It was All Blacks coach Steve Hansen at his acerbic best.
If he had dropped everyone who had a bad game last week in Auckland, he said, he would not have a team left to take the field for Saturday night's second test against England.
That was the brutal honesty with which Hansen today explained his decision to make just one injury-enforced change to the All Blacks lineup for the rematch against coach Stuart Lancaster's fast-improving tourists.
It contrasted sharply with the five new faces in a revamped England starting team.
A sellout crowd of 28,500 will pack Dunedin's roofed Forsyth Barr Stadium on Saturday, and Hansen all but promised a vastly improved performance from his men, who have collectively been put on notice.
More of the same this week and heads will roll.
It is a great move by Hansen to resist the urge to make changes, with Israel Dagg's knee injury - he is likely to also miss the third test next week in Hamilton - allowing a fit-again Julian Savea to slot back in on the left wing, Cory Jane to flip back to his preferred right side and local hero Ben Smith to have his first test start in his specialist position of fullback.
A clear-headed Kieran Read is given another week to build fitness, with a promise he will play in Hamilton, provided there are no further setbacks.
Jerome Kaino will earn his 50th cap, retained at No 8 after a standout display in Auckland.
Other than that, it's all hands back on deck with a pretty simple message from a coach who described the bumbling 20-15 win at Eden Park as the poorest execution of skills he had seen in his time.
That sort of frank assessment has been prevalent in the All Blacks since they trudged off the field last Saturday night with a clear awareness they had dodged a bullet.
"If you turn around and say so and so shouldn't play because he played badly, we wouldn't have anyone on the park - that's how bad the performance was," Hansen said.
"We know some of the reasons we played poorly, and one of them was a lack of preparation time, so there's no point recreating that whole thing again by putting new faces in.
"It's about us working hard on our skill sets, understanding how we want to play and going out and delivering that.
"The group has faith in what we're trying to do; it's just a matter of getting it right on the night."
Hansen said the chief work for the week was on the basic skills that so deserted his team at Eden Park. Handling errors, poor transfers and ineffective tackles were the most glaring shortcomings.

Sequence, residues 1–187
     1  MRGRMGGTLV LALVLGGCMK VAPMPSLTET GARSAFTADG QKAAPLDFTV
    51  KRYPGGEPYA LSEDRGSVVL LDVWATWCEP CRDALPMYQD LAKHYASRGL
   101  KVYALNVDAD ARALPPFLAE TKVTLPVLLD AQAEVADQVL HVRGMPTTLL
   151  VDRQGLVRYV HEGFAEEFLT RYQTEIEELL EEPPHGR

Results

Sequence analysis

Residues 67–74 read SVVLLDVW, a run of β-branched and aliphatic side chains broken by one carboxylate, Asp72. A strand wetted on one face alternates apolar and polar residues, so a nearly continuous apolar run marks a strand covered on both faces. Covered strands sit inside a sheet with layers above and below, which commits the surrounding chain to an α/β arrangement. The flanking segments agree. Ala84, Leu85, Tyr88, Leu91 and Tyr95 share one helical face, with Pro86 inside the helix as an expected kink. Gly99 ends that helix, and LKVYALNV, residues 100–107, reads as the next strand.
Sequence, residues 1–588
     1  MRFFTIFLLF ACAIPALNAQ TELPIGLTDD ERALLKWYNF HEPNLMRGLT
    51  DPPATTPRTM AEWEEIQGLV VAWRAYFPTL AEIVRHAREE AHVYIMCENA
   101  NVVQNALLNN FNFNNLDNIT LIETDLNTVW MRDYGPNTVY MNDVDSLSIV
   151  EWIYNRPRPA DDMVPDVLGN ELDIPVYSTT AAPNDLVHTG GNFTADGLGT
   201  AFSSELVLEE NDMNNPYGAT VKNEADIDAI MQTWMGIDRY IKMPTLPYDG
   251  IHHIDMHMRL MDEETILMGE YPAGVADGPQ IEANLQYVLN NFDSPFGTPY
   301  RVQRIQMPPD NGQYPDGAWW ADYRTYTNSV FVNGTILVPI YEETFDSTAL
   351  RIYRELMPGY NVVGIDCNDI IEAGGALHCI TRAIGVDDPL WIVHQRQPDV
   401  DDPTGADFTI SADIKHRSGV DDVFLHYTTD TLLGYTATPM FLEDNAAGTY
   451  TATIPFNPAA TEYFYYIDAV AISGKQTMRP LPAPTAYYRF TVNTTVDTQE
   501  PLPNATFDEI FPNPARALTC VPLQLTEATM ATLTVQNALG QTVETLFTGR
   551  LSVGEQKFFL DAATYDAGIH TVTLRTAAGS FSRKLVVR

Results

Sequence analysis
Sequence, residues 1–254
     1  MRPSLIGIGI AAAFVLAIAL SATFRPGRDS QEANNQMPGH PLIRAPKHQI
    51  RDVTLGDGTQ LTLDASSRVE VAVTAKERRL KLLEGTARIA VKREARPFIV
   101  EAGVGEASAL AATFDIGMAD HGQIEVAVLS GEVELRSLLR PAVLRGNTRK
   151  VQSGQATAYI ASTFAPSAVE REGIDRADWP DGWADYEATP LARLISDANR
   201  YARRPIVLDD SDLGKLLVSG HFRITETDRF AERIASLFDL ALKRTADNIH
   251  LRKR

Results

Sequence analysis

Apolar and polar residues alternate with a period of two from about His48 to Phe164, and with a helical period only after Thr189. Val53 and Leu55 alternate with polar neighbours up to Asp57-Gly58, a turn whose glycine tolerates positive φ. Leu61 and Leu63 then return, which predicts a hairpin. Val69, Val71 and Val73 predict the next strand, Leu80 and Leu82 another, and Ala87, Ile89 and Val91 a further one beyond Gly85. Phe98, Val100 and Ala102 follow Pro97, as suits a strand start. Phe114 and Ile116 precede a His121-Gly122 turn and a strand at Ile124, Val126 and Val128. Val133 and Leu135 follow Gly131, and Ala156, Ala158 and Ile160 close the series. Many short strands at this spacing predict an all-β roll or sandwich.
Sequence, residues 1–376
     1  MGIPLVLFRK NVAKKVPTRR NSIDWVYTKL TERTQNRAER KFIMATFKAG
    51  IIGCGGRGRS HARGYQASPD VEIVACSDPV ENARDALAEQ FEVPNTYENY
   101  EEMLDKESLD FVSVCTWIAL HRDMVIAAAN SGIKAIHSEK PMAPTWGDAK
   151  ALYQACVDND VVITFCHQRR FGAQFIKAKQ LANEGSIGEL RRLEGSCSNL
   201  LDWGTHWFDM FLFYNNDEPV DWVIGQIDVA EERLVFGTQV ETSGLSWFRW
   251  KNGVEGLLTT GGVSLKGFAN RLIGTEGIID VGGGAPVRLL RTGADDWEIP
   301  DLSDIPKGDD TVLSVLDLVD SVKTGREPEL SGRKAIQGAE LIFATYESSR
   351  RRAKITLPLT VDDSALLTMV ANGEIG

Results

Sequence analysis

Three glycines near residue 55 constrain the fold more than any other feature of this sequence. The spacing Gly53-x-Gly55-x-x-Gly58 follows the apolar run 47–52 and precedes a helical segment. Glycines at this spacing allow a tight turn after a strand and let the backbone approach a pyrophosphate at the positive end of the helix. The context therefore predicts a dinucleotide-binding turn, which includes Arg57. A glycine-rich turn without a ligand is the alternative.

"Our skill sets were very poor - probably the poorest they've ever been," Hansen said.
"This week we've trained well. There's a lot more intensity and purpose about what we've done.
"The guys were very disappointed with the way they played.
"We shouldn't lose sight of the fact we did win the test, but at the same time they're very proud people who want to play a game we can all be proud of, and last week we weren't proud of our performance."
This sets up brilliantly Saturday's second instalment of what could be a rivalry that endures all the way to next year's World Cup final (sure, the Boks will have something to say about that).
England now believe they can claim another All Black scalp. The world champions are determined to show last week was an aberration, not the precursor to disintegration.
"There is an expectation of where the standards should be, and if they're not there they get told about it," Hansen said.
"There are not too many times All Black teams play poorly and don't respond in some fashion, but don't forget we're playing a very good side and they'll respond as well, and they'll improve."
Hansen said Dagg would almost certainly miss the third test in Hamilton as he allows a sore patella tendon to heal, with Patrick Osborne set to remain with the squad.
On Read's continued omission, Hansen said: "He's fit enough from a concussion point of view to pick, but we don't feel like we can put him out there with the amount of training he's done. So we're using this week to get him right and we'll put him in next week."
Hansen said that last week showed Jane was a right wing, definitely not a left one.
"He was just all at sea. You didn't see him get up for the high ball, and he wasn't comfortable jumping off his left leg."
And no, he didn't consider starting Beauden Barrett ahead of Aaron Cruden.
On England's decision to move the blockbusting Manu Tuilagi from centre to the wing as Lancaster brought in five new faces to his starting side, Hansen said: "He's a handful wherever he's going to play. He could play hooker and he'd be a handful when he carries.
"On the wing, he's going to have to work. Wing is a totally different position than centre in that he can go wherever he wants to go, but at the same time he's got to have the energy to do that."
The All Blacks have been challenged, and players who came up well short of the mark are bristling to prove they are better than what they showed at Eden Park.
England have been freshened and are just as desperate to shake the tag of gallant losers and keep the series alive heading to Hamilton.
Should be fun.
All Blacks: Ben Smith, Cory Jane, Conrad Smith, Ma'a Nonu, Julian Savea, Aaron Cruden, Aaron Smith, Jerome Kaino, Richie McCaw (captain), Liam Messam, Sam Whitelock, Brodie Retallick, Owen Franks, Dane Coles, Tony Woodcock. Reserves: Keven Mealamu, Wyatt Crockett, Charlie Faumuina, Patrick Tuipulotu, Victor Vito, TJ Perenara, Beauden Barrett, Malakai Fekitoa.
Which rugby player would you be most inclined to bend selection rules for?